Could Everett Golson’s return lead the Fighting Irish back to glory?
Quarterback Everett Golson passes against the Southern California Trojans during the first half of a 2012 game at the Los Angeles Memorial Coliseum. Golson returns as the signal-caller for Notre Dame in 2014 (Gary A. Vasquez-USA TODAY Sports).
(C+P) — The last time Notre Dame quarterback Everett Golson took the field: January 7, 2013 against Alabama in the National Championship. After missing all of last season because of poor academic judgment, Golson will return this season as the Irish starting quarterback to open the season Saturday against Rice.
It has been about 600 days since Golson has taken a meaningful snap in a game, but coach Brian Kelly believes he has matured and is ready to lead the Irish this season. If Notre Dame has dreams of make it back to the big game, it will have to navigate a way through one of the toughest schedules in the country.
Before Notre Dame opened preseason camp, a reporter asked coach Kelly about Golson, prefacing his question by saying Golson “led” Notre Dame to the BCS championship game in 2012.
Kelly responded to the reporter: “I would argue that Everett rode the bus to the championship.”
Kelly was not simply going to just hand Golson the starting job when he was reinstated. Kelly wanted to make sure that Golson had to earn the job and prove that he is going to be a leader this upcoming season. Golson and sophomore quarterback Malik Zaire have been battling it out since last spring to earn the right to be named the Irish starting quarterback. Golson eventually beat out Zaire to reclaim the job.
It has been a long journey for Golson to come back and be the improved player and leader the team needs to ultimately be successful. During his time away, Golson went out to San Diego and worked with quarterback guru David Whitfield, who has worked with former Heisman trophy winners Cam Newton and Johnny Manziel. During his time with Whitfield, Golson drastically improved his footwork and accuracy. Irish strength and conditioning coach Paul Longo also provided Golson with a workout and meal plan.
Golson came back this spring at 200 pounds, 15 pounds heavier than the season before. By sticking to the workout plan and putting the right type of food in his body, Golson was able to put on the lean muscle necessary for him to be an elite player, as well as show the coaching staff he was continuing to work hard while on academic suspension.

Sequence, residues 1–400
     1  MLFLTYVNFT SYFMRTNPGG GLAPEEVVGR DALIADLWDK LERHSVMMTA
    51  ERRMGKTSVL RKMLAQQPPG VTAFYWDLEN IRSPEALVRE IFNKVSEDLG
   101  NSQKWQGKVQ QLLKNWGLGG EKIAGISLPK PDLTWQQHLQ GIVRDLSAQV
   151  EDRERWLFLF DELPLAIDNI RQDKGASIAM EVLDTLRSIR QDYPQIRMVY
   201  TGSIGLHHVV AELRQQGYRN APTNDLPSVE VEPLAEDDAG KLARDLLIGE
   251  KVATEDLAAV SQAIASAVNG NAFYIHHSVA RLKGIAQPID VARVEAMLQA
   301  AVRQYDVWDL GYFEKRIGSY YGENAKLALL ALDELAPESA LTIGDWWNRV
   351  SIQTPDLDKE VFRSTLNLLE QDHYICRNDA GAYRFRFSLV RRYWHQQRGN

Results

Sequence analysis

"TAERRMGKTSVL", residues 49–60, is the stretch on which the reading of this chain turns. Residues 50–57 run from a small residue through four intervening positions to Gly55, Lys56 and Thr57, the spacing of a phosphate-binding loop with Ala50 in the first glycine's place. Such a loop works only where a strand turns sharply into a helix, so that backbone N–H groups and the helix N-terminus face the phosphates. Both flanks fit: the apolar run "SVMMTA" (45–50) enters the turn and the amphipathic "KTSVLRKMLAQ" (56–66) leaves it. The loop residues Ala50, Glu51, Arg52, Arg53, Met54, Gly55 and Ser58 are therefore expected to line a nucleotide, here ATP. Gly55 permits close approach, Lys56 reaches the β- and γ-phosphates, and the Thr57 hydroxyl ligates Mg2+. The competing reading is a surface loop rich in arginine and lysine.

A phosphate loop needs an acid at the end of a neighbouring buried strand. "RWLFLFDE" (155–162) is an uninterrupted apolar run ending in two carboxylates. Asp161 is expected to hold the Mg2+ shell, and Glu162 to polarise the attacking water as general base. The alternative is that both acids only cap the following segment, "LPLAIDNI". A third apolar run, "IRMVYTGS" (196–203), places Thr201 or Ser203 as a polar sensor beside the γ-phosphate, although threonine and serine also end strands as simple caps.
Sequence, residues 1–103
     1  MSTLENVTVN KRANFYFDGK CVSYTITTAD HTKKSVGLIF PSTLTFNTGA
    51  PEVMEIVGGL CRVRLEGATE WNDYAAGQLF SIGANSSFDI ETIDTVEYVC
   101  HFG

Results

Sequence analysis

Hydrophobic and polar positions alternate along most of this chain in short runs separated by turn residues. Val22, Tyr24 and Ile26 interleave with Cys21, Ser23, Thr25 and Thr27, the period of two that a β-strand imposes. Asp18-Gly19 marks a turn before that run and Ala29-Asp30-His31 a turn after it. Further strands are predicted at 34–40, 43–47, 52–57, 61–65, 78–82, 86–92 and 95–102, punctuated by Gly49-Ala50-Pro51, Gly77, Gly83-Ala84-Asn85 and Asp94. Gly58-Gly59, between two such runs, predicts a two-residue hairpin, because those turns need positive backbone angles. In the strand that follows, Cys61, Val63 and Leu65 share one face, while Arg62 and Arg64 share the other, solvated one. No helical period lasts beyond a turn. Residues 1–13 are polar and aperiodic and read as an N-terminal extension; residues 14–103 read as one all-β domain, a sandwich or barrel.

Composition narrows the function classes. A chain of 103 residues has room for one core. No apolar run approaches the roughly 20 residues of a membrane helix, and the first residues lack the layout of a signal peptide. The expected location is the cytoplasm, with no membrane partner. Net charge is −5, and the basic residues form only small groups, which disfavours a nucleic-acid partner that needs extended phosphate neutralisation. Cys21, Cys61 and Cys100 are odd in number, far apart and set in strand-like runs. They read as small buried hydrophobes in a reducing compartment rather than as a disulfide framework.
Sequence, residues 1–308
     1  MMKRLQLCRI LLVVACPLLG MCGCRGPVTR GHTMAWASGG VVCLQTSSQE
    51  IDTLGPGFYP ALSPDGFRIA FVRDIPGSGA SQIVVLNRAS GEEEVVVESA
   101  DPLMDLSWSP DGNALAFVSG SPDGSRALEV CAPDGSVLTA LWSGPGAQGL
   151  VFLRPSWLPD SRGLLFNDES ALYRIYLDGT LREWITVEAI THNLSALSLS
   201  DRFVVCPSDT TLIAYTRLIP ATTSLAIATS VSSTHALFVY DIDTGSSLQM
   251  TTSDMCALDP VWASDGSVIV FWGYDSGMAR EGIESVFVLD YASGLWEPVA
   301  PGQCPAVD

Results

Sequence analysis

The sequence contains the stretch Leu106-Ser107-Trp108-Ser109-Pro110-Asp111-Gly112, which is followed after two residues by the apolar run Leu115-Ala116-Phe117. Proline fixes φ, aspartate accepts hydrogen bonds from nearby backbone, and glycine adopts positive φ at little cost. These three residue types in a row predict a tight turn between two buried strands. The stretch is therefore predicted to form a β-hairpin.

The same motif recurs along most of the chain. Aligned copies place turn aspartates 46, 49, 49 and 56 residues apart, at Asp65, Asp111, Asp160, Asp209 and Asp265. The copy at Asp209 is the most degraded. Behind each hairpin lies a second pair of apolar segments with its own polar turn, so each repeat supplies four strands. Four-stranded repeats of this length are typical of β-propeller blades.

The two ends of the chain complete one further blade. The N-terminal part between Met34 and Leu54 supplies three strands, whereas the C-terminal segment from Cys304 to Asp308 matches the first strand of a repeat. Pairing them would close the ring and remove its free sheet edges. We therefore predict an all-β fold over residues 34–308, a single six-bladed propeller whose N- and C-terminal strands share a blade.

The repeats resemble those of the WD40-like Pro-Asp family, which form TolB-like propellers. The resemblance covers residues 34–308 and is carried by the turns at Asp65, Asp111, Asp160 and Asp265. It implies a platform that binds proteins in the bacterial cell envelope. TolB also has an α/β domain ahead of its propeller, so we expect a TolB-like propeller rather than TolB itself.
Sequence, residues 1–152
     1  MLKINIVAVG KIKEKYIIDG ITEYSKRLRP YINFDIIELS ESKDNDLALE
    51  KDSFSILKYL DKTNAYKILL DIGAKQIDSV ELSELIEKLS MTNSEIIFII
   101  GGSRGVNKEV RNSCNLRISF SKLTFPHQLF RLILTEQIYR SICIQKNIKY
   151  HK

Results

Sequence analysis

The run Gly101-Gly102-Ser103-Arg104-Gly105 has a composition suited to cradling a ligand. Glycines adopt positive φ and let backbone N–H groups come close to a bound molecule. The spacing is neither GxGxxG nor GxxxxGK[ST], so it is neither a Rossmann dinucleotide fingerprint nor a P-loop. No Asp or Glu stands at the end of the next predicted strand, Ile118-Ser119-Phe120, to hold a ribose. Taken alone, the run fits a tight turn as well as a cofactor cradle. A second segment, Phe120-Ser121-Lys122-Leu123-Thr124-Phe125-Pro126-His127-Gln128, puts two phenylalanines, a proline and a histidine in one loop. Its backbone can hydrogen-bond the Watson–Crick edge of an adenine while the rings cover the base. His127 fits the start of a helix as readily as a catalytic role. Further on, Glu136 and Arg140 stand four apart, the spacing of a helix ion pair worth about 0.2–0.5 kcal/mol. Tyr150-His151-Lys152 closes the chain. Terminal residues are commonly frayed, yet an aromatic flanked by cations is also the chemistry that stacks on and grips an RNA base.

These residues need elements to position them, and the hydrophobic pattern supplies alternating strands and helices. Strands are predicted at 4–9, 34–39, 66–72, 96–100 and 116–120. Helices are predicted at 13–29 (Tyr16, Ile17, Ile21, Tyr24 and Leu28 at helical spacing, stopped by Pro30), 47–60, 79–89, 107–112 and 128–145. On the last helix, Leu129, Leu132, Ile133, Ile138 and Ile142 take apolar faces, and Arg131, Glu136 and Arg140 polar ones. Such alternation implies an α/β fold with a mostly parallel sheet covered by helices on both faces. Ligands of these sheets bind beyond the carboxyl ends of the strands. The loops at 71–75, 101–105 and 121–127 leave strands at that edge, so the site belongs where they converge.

The 2014 season could be a season of redemption for Golson, proving to people that he has overcome his off-the-field issues and developed more into a leader.
“It really hit home for me when I got back,” Golson said. “You kind of see the clean sweep: The guys that were here in 2012 weren’t here in 2013, 2014. So it was important for us to establish that leadership. There was no more sitting around and waiting to see who else was going to step up. I had to be that guy.”
Golson’s defensive teammates have witnessed him taking more command on the field and being vocal. Defensive back Matthias Farley has noticed the transformation from 2012 to now, telling players where to line up and what the signals are.
“Since he’s been back, there’s been no question who the leader of the offense is,” Farley said. “I don’t think anybody on the team, any of the coaches, would question that. He’s definitely become more vocal, which is important, especially as a quarterback. Previously, he was the young guy.”
Now the biggest question is can Golson translate all his hard work and dedication into wins this season. The Irish play five teams ranked in the AP preseason top 25, including a trip to the No. 1 ranked and defending national champions Florida State. The road back to glory will not be easy and the Irish will certainly need Golson to be at his best — and smartest — to achieve their goals this season.